- See for example his Der König Friedrich II von Preußen und die Deutsche Nation, (Schaffhausen, 1860).Back to (1)
- For the dispute over the medieval Kaiserreich between Sybel and Ficker see Friedrich Schneider, Universalstaat oder Nationalstaat, Macht und Ende des ersten deutschen Reiches. Die Streitschriften von Heinrich von Sybel und Juilius Ficker zur deutschen Kaiserpolitik des Mittelalters (Innsbruck, 1942).Back to (2)
- See Raimund Friedrich Kaindl, Oesterreich, Preußen, Deutschland. Deutsche Geschichte in großdeutscher Beleuchtung (Vienna, 1926).Back to (3)
- See in particular the four volumes of his Deutsche Einheit. Idee und Wirklichkeit vom Heiligen Reich bis Königgrätz (vols. 1 and 2, Munich 1935, vols. 3 and 4, Munich 1942).Back to (4)
- See his Die Geschichte Österreichs, (2 vols., Graz, Vienna and Cologne, several editions, 1952/1959).Back to (5)
- See footnote 2.Back to (6)
- See his Deutsche Geschichte im 19 Jahrhundert, (5 vols., Berlin 1886).Back to (7)
- See his ‘Gesamtdeutsche Geschichtsauffassung’, Deutsche Vierteljahrsschrift für Literaturwissenschaft und Geistesgeschichte, 8 (1930).Back to (8)
- See Karl Otmar von Aretin, Heiliges Römisches Reich, 1778–1806, Reichsverfassung und Staatssouveränität (2 vols., Wiesbaden, 1967).Back to (9)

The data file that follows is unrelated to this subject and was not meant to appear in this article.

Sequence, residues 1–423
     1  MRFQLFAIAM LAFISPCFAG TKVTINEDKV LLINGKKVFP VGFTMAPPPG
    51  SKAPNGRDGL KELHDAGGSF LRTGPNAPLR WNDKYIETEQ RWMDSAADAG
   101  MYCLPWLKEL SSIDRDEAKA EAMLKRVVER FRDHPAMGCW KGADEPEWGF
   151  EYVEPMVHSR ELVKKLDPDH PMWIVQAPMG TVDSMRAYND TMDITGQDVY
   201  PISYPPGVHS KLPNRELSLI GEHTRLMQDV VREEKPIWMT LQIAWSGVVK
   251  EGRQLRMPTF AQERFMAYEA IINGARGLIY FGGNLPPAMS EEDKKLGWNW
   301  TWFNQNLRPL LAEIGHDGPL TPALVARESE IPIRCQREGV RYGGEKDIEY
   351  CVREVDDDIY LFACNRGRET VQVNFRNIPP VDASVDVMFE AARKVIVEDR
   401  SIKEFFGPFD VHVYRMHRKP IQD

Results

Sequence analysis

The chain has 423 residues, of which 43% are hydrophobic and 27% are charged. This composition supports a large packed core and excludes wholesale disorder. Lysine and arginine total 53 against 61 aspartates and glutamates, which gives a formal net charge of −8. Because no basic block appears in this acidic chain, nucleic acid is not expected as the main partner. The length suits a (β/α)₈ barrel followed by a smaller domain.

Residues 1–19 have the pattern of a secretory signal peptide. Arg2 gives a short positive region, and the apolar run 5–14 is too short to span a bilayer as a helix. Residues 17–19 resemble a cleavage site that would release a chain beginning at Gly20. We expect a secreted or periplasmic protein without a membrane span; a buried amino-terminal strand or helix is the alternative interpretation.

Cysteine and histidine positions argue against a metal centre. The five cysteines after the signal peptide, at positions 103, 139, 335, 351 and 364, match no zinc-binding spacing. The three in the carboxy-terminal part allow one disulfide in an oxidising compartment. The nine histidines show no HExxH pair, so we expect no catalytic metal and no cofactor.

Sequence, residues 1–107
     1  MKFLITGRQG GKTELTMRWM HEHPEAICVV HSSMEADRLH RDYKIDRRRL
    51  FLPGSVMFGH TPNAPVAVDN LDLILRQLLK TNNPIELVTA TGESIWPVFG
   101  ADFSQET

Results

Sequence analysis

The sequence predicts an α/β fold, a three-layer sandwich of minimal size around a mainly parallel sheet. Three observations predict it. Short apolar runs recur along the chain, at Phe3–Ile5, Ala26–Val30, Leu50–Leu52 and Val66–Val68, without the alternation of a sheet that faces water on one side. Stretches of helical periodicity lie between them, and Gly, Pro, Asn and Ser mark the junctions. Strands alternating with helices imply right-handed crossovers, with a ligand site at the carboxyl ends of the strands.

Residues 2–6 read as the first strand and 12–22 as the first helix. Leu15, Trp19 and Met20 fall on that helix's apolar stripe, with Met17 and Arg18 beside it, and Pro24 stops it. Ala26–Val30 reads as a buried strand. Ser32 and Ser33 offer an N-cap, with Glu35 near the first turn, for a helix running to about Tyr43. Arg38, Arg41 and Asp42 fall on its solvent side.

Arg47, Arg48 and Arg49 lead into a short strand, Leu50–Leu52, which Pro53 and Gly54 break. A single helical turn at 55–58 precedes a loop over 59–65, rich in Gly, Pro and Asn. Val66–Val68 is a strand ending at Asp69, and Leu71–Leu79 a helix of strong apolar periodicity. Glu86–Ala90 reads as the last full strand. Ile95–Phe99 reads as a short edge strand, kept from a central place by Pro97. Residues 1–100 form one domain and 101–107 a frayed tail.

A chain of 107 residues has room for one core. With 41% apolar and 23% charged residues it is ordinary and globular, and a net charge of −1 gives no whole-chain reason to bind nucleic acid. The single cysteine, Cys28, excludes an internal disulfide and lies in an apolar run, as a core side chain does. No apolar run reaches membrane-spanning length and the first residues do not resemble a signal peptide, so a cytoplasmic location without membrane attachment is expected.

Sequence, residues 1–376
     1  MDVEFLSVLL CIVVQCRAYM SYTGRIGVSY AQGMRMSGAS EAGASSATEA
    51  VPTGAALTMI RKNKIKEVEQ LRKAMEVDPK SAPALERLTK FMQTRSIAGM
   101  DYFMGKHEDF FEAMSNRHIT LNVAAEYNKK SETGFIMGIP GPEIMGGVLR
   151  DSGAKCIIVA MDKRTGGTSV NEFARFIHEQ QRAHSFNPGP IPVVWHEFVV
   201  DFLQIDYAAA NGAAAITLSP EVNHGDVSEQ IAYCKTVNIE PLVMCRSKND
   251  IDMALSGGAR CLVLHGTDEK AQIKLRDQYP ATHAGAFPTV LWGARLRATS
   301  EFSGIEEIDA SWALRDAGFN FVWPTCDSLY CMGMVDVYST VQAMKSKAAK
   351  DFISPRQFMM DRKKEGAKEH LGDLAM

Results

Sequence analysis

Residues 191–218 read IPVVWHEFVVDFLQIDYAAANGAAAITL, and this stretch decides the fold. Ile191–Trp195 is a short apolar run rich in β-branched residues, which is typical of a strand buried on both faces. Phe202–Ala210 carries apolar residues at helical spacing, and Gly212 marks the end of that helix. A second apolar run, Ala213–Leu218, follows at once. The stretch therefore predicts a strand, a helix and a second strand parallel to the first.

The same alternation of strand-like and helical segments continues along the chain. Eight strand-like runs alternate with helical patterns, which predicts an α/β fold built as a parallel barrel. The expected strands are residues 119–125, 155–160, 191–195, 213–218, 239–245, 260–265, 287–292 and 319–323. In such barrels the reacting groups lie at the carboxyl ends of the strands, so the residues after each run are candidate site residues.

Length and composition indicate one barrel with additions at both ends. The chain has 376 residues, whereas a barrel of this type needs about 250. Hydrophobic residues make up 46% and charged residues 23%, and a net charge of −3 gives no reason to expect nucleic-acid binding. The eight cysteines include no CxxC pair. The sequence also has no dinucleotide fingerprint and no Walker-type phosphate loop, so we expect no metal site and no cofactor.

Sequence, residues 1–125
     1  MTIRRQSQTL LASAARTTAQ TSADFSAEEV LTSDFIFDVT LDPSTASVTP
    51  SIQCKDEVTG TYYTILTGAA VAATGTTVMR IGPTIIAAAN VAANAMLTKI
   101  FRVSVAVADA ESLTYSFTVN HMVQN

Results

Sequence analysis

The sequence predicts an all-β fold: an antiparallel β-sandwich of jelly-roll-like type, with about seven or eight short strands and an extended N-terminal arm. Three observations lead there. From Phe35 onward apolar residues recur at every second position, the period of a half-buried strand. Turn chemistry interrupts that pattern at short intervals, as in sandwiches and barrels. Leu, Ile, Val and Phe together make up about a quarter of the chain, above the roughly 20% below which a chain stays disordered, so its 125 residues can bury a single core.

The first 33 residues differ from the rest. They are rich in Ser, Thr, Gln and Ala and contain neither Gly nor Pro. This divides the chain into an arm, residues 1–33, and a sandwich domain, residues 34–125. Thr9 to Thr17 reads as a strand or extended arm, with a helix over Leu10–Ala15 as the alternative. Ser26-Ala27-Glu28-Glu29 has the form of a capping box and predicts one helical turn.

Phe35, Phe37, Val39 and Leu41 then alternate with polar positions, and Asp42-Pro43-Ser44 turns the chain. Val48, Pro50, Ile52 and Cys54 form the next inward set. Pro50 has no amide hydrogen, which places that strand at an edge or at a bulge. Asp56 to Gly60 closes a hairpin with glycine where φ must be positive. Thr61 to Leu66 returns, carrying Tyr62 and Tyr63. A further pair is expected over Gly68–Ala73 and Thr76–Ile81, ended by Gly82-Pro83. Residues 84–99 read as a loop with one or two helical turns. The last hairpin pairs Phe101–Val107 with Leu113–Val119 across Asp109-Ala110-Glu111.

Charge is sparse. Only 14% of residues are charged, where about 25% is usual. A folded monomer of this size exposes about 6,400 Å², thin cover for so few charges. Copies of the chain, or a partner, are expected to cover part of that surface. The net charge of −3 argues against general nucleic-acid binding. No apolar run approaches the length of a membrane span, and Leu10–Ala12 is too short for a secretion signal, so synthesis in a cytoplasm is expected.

- See inter alia, German Federalism: Past, Present and Future,ed. Maiken Umbach (Basingstoke, 2002) and Abigail Green, ‘The federal alternative? A new view of modern German history’, The Historical Journal, 46, 1, (March 2003), 187–202.Back to (10)
- Among many works, see his Geschichte des Alten Reichs. Staat und Nation in der Frühen Neuzeit, 1495-1806, (Munich, 1999).Back to (11)
- See her Des Kaisers alte Kleider. Verfassungsgeschichte und Symbolsprache des Alten Reiches (Munich, 2008).Back to (12)
- See among many works, his Von der Leibeigenschaft zu den Menschenrechten: Eine Geschichte der Freiheit in Deutschland (Munich, 2003).Back to (13)
- See among several works, his ‘Turning Swiss. Cities and empire, 1450–1550 (Cambridge, 1985).Back to (14)
- See his Deutsche Gesellschaftsgeschichte (5 vols., Munich, 1987–2008).Back to (15)
- For the French lack of interest see, Christophe Duhamelle, ‘ Das alte Reich im toten Winkel der französischen Historiographie’, in Imperium Romanum—irregulare corpus—Teutscher Reich-Staat. Das Alte Reich im Verständnis der Zeitgenossen und der Historiographie, ed. Matthias Schnettger (Mainz, 2002), pp. 207–19.Back to (16)
- Peter Wilson, The Holy Roman Empire, 1494–1806 (London, 1999).Back to (17)
- See footnote 11.Back to (18)
- See Volker Press, Kriege und Krisen: Deutschland 1600–1715 (Munich, 1991).Back to (19)